China’s Hmong go uncounted

Hmong children playing on a hillside. In China, the Hmong language has not been used in primary and middle schools and its use is declining among the young. (Photo: AAP).

Author: Sebastien Carrier, Stepping Stones China

In recent years Uyghur and Tibetan issues have captured most of the national and international attention granted to China’s minorities. Yet Uyghurs and Tibetans account for less than 15 per cent of China’s minority population of about 113 million. How have other large minority groups, such as the Hmong, fared politically, economically, and socially in the last decade? How well do the Chinese leadership’s strategies and policies address ethnic minority challenges? Read more…

Economic reform in Jokowi’s Indonesia

Indonesian drivers line up at a gas station in central Java on 17 November 2014 to fill up their tanks before fuel prices rose from 6500 to 8500 rupiah per litre at midnight, marking a crackdown on fuel subsidies. (Photo: AAP).

Authors: Creina Day, ANU and Yose R. Damuri, CSIS Jakarta

The first 100 days of President Joko Widodo (Jokowi) and his government have been distinguished by historic reforms to fuel subsidies, social assistance to the poor, streamlined investment licensing and virtually no new restrictive regulations on foreign trade. Fuel subsidy reform has given the government fiscal space for infrastructure development. Read more…

The changing landscape of who owns what in Indonesia

Indonesian walk pass the trade monitor at Indonesia Stock Exchange in Jakarta, Indonesia. (Photo: AAP)

Authors: Richard Carney, ANU; and Natasha Hamilton-Hart, University of Auckland

The financial and political crises of 1998 brought about significant changes in Indonesia’s corporate landscape. The proportion of Indonesian firms with political connections remains relatively high but is declining, as modes of political engagement are becoming increasingly varied. Read more…

Local innovation vital to sustain Thailand’s growth

Thailand's manufacturing sector relies upon foreign technology and low labour costs. But Thailand needs to transition to a knowledge economy. (Photo: AAP)

Authors: Nonarit Bisonyabut and Chatra Kamsaeng, TDRI

Thailand’s current development model may not be able to sustain growth in the long term. Thailand needs to make the shift to a knowledge-based, innovative economy — and this means that policy settings will need to change. Read more…

What the AIIB can learn from World Bank shortcomings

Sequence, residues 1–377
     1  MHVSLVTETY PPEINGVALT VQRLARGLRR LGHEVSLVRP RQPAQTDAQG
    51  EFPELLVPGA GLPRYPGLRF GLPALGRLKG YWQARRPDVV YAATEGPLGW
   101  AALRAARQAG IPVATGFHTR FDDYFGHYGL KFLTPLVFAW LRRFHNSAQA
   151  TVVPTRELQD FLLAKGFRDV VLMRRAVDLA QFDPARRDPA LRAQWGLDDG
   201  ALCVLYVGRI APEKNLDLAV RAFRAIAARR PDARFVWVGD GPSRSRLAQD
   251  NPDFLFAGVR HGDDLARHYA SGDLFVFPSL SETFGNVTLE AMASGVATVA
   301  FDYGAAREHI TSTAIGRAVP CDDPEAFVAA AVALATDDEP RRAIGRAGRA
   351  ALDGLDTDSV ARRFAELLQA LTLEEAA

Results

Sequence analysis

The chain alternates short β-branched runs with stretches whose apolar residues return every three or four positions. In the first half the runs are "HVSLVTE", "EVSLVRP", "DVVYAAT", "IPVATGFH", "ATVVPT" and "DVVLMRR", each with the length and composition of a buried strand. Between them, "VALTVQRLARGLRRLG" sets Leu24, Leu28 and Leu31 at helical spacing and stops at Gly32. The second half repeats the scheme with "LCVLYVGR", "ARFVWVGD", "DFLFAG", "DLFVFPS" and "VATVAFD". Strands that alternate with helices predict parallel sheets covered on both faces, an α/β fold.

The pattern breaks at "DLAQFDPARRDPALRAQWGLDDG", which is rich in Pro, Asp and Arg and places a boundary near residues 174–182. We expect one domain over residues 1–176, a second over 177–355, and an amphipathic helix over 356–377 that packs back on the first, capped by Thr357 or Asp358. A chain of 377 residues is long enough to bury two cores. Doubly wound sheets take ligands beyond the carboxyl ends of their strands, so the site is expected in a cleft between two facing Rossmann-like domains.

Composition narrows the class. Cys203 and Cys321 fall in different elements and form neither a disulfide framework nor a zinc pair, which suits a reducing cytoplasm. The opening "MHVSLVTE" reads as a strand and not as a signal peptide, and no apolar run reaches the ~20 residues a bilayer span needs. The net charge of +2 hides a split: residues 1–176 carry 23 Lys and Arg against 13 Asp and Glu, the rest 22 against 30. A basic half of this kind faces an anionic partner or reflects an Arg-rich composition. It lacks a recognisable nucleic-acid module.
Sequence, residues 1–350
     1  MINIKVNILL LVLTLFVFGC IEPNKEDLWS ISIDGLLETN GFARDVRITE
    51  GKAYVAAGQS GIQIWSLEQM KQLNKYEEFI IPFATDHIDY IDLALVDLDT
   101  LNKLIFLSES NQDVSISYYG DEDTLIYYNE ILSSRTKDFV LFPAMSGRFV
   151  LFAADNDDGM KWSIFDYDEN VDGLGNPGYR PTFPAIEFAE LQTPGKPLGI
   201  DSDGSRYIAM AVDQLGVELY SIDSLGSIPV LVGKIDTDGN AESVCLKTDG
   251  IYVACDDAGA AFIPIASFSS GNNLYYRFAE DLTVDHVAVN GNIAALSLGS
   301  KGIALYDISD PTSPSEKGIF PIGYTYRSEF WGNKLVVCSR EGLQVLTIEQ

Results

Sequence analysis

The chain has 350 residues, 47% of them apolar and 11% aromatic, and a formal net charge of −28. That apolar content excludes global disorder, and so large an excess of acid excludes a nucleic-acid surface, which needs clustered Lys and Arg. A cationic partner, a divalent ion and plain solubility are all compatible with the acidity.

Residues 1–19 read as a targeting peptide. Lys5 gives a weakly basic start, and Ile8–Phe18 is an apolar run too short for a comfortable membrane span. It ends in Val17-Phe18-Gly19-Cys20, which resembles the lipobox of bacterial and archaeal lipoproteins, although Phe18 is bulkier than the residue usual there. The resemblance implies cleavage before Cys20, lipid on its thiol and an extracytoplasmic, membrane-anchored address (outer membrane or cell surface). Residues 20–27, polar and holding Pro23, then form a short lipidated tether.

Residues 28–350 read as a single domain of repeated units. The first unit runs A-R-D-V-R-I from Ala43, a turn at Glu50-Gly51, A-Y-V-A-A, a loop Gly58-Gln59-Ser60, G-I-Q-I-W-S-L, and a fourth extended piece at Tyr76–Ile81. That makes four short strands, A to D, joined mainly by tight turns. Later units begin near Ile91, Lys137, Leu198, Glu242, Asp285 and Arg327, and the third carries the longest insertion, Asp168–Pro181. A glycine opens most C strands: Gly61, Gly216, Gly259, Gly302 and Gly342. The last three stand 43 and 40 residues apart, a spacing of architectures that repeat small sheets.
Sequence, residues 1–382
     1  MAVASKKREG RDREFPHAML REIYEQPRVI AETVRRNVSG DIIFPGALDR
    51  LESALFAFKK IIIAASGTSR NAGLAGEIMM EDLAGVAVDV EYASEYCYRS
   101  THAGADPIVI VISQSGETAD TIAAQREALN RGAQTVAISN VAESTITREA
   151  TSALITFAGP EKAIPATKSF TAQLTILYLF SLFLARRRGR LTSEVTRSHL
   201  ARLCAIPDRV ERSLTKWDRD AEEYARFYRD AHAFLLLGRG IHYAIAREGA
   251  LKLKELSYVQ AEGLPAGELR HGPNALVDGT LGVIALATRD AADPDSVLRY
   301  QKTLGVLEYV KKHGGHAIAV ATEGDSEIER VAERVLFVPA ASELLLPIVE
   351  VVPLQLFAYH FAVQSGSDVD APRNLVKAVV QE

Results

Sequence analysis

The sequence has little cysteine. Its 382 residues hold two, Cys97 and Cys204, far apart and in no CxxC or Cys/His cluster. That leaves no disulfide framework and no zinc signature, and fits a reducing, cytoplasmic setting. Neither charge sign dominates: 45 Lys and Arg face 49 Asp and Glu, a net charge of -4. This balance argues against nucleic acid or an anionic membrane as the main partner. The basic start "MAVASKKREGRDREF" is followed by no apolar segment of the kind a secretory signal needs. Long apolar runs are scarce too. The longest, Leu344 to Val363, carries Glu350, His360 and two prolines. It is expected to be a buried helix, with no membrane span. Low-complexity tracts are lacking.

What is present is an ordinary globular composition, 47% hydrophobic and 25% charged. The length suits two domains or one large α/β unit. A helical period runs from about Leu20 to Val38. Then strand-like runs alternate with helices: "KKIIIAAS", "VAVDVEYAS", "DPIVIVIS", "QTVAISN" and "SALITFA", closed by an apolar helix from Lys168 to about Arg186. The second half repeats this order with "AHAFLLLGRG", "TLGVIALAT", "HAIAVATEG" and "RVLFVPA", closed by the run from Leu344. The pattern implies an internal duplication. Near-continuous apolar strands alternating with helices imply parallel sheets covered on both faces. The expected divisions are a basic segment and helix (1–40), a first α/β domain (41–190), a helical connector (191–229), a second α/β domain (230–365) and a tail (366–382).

20150419001123348669-minihighres

Author: David Dollar, Brookings Institution

To understand the impetus for launching the Asian Infrastructure Investment Bank (AIIB), look no further than China’s concern that the governance structure of existing international financial institutions was evolving too slowly. An important agreement to increase the resources of the International Monetary Fund and to raise the voting shares of fast-growing emerging markets, ratified by other nations, has been stalled in the US Congress. Read more…

Vietnam’s democratisation movement

Civil society advocates contend that democracy also requires citizens knowing how to express themselves, listen to others, negotiate, and compromise. (Photo: AAP)

Author: Benedict J. Tria Kerkvliet, ANU

Since the mid 1990s, public criticism of the Communist Party of Vietnam (CPV) government has expanded to involve thousands of citizens across the country. From this ferment of criticism numerous individuals, networks and organisations have emerged that oppose the present regime — which many call authoritarian or dictatorial — and advocate democracy. Read more…

China needs to strengthen its AIIB balancing act

20150415001122070308-minihighres

Authors: Kai He, University of Copenhagen; and Huiyun Feng, DIIS.

The Asian Infrastructure Investment Bank (AIIB) has become part of Xi Jinping’s ‘Chinese Dream’ of national rejuvenation. The United States’ failure to block other developed economies from joining the AIIB seems to have brought this part of the ‘Chinese dream’ closer to its realisation. But it is way too early to celebrate. Read more…